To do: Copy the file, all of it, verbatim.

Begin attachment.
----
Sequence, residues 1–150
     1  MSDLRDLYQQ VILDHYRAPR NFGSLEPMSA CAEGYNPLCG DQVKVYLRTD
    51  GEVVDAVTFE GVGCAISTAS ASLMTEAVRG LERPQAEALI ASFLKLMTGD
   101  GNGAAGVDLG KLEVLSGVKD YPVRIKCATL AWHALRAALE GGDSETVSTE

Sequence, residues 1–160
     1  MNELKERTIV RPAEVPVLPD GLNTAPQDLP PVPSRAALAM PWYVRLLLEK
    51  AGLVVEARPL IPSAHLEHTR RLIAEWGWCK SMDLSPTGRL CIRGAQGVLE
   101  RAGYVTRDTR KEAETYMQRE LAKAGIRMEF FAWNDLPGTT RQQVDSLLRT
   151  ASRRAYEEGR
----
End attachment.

Sequence, residues 1–150
     1  MSDLRDLYQQ VILDHYRAPR NFGSLEPMSA CAEGYNPLCG DQVKVYLRTD
    51  GEVVDAVTFE GVGCAISTAS ASLMTEAVRG LERPQAEALI ASFLKLMTGD
   101  GNGAAGVDLG KLEVLSGVKD YPVRIKCATL AWHALRAALE GGDSETVSTE

Sequence, residues 1–160
     1  MNELKERTIV RPAEVPVLPD GLNTAPQDLP PVPSRAALAM PWYVRLLLEK
    51  AGLVVEARPL IPSAHLEHTR RLIAEWGWCK SMDLSPTGRL CIRGAQGVLE
   101  RAGYVTRDTR KEAETYMQRE LAKAGIRMEF FAWNDLPGTT RQQVDSLLRT
   151  ASRRAYEEGR